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Article by: Daragh Logue, Peter McCormick, Ciaran McCaffrey
Assisted By: Maria Buckland, Sarah Bell, Adam McAfee The Observatory and Planetarium has welcomed school students to visit for work experience. A previous Astronotes article described our work with the Faulkes Telescope Project. Below is an account written by three of our work experience students in 2018 March, based on the work done at Armagh Observatory and Planetarium by them and three other students.

We observed asteroid 2017 VR12. This is a 100-160m wide asteroid which rotates once every 1.4 hours. Under certain conditions it is seen (based on its shape) to look like a cat. It is of great interest to astronomers as it crosses earth’s orbit making it a very near earth asteroid – its closest approach was four times the distance to the moon on the 7th of March 2018. It is believed to originate from one of the largest bodies in the asteroid belt, Vesta. Our results, in which we measured the change in position with time, were submitted to the Minor Planet Centre which is administrated by the International Astronomical Union.



Above is an image of the near-Earth asteroid 2017 VR12. The nature of its appearance is due to its speed of movement across the sky. Although the exposure time was only 30 seconds, the very fast moving asteroid travelled around 25 arcseconds across the sky. At the time of observation, the asteroid was around 4 times the distance from the Earth as the moon is. Image obtained using 0.4-m telescope at Haleakala in Hawaii and operated by Las Cumbres Observatory.

We also observed asteroid 1981 Midas. This is a large asteroid, believed to be about 2km across. It was discovered by American astronomer Charles Kowal in 1973, and is classed as a potentially hazardous asteroid. Although it is predicted that Midas can approach 1.5 times the distance to the Moon, it does not pose a threat to earth in the near future.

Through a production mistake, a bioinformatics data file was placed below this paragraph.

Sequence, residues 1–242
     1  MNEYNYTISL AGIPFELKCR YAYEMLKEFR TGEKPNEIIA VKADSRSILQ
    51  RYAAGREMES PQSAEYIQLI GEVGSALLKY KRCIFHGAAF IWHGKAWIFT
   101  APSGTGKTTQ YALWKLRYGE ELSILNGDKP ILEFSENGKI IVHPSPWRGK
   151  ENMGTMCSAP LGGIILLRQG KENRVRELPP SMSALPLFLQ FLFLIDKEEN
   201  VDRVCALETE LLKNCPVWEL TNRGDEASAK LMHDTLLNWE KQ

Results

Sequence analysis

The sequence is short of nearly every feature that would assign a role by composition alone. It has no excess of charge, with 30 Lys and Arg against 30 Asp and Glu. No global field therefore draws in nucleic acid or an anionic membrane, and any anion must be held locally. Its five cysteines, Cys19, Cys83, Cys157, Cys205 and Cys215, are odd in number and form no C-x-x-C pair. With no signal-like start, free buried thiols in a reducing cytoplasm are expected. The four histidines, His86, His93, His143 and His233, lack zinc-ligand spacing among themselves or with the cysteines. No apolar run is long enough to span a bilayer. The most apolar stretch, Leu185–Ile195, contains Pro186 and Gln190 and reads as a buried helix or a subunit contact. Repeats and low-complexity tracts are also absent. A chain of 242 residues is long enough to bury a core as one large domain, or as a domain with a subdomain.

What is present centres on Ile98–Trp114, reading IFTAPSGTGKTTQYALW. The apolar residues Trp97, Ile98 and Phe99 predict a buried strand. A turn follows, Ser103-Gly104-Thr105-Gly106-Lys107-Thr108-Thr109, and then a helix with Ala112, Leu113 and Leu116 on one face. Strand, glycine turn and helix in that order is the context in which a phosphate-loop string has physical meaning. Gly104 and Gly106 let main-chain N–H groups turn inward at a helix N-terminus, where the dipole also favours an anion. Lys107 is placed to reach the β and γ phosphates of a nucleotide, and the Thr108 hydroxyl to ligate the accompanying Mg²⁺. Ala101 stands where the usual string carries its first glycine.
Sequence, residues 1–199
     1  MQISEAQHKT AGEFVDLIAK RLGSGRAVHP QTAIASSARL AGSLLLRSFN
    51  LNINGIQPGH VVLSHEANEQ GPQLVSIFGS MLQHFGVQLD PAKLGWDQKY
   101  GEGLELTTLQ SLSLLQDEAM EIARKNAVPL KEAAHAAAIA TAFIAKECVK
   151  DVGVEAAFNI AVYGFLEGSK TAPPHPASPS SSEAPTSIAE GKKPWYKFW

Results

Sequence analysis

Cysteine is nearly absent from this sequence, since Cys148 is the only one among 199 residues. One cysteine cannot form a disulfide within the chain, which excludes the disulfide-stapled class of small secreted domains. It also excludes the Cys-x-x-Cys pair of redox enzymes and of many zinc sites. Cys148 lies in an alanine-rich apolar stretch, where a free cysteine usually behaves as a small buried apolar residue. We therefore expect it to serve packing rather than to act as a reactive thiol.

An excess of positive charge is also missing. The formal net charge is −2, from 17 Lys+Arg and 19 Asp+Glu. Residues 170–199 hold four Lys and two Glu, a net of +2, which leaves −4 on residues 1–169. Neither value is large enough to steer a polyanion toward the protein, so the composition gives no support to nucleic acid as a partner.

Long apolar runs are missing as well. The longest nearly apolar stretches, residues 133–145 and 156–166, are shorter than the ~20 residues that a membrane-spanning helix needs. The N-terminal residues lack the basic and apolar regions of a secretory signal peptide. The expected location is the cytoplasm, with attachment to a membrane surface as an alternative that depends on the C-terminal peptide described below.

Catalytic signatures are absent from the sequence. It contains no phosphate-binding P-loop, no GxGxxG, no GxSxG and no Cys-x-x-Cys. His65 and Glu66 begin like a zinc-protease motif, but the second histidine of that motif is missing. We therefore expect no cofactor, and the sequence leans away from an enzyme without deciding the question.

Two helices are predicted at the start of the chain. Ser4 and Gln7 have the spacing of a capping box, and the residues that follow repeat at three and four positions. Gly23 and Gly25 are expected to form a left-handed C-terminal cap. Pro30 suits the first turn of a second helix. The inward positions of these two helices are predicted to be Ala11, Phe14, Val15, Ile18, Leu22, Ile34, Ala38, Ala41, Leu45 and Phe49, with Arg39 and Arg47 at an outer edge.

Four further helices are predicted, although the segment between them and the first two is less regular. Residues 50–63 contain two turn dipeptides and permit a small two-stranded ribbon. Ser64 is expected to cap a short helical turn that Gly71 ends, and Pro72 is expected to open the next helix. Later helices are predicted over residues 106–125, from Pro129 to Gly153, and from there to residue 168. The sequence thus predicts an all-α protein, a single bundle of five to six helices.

Using the European Space Agency’s GAIA satellite which alerted us to its presence, we observed Gaia18amc. According to the Gaia alerts page, 18amc is a candidate supernova. It was cross referenced with an older sky survey image and was found to have appeared recently. We estimated its brightness using the magnitude of nearby known stars and using astronomical software to determine its brightness by comparing its brightness with other stars. We estimated Gaia18amc had a magnitude of 18.5.



The image shows the before image on the right without the new source present, and the after image on the left in which a new source has clearly appeared. Left image obtained using 0.4-m telescope at Haleakala, operated by Las Cumbres Observatory. Right from Digitized Sky Survey.

Another transient Gaia object which we observed was Gaia18amd. We received the alert again from the GAIA satellite. Using the same software we pinpointed the location of the object and compared this image to a previous sky survey. It was not present in the older sky survey, proving that this was a transient object. We again calculated its brightness using the same method as we used in Gaia18amc. This information has led us to conclude that this is likely to be a new supernova.
Another object we observed was ASASSN-18dw which was announced as going into a 4 magnitude outburst in a The Astronomer’s Telegram. It also matched the position of an already known reddish source near the star forming region of Orion. We used a table of star locations and magnitudes to figure out the real brightnesses of nearby objects. Using the same software, we repeated the method that we used earlier to find the actual brightness of ASASSN-18dw to be 14.68 magnitude. We then found a previous image and found its magnitude to have been roughly 19. This confirms our findings and the reports as published by The Astronomer’s Telegram.



In the highlighted area ASASSN-18dw is clearly visible and shows up as being quite bright. This is in stark contrast with previous images of the transient which showed it as being very small and faint. Image obtained using 0.4-m telescope at Cerro Tololo, operated by Las Cumbres Observatory.

The final asteroid we observed was 2011 XO3. It is about 1.2km – 2.7km in diameter. This asteroid does not pose a danger to earth, as the closest it has approached in recent years was 40 million kilometres on the 8th of February 2018, passing at a velocity of 68,000km/h.
We would like to thank The Faulkes Telescope Project and the Las Cumbres Observatory for allowing us to use their telescopes to gain these valuable images. Without them, the data collection that we were able to perform would not have been possible.